I had bought the The Country Without A Post Office at Shahid’s Berkeley recital. It was rare indeed for me to carry enough cash in those days of poverty-struck foreign-student/single-motherhood. But Fate was smiling that day. I went to talk to him. To tell him I absolutely loved his poems. To tell him he was so familiar. To get his autograph. Shahid asked with curiosity if I was a Kashmiri. I fumbled. Explained the history of exile. Probably got teary-eyed (yes, growing up — heck, even now — my family made fun of my quickness-to-tears). On his face quivered a moist smile, and beneath the title, Shahid wrote:
whose country this is –
Agha Shahid Ali
by Huma Dar
I met Shahid between noon and one pm, in the Lipman Room of Barrows Hall, almost exactly thirteen years ago, on December 3, 1998. He’d come to recite from The Country Without A Post Office (1997) for the Lunch Poems Reading Series at UC Berkeley. His jokes, tinged with a very particular Kashmiri black humor — irreverent, risqué, ridiculous — mirrored my family’s wacky one. All that heartache about Kashmir, finding not many kindred souls around, found solace in Shahid’s scriptured lament, “After the August Wedding in Lahore, Pakistan.”A brigadier says, The boys of Kashmir break so quickly, we make their bodies sing, on the rack, till no song is left to sing.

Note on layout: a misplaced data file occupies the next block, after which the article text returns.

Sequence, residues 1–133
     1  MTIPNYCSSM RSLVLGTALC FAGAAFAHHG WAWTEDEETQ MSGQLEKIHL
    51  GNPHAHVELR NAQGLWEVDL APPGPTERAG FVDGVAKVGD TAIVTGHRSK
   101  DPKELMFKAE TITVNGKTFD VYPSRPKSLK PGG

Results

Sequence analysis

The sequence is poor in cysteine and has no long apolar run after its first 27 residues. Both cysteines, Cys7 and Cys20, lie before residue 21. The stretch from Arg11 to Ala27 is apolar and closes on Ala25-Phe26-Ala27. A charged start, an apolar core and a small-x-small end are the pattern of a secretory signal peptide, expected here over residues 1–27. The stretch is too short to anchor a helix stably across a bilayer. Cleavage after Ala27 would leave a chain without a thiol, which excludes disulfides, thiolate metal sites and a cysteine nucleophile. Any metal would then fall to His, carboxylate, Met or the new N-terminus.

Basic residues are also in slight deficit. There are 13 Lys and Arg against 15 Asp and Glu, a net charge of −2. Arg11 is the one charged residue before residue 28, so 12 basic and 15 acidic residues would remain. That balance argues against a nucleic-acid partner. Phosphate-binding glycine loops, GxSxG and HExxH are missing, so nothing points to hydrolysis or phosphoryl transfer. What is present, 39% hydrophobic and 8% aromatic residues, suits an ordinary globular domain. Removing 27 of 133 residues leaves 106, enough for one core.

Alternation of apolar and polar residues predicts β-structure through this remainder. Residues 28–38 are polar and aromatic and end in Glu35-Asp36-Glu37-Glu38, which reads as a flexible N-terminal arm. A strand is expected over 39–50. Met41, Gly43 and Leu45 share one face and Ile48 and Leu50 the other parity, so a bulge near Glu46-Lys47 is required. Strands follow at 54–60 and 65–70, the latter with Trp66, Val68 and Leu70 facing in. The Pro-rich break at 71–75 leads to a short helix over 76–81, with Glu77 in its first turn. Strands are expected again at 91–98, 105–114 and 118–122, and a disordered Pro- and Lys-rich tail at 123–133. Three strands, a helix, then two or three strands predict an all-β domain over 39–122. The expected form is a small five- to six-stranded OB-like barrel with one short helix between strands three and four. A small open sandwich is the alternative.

View original post 1,503 more words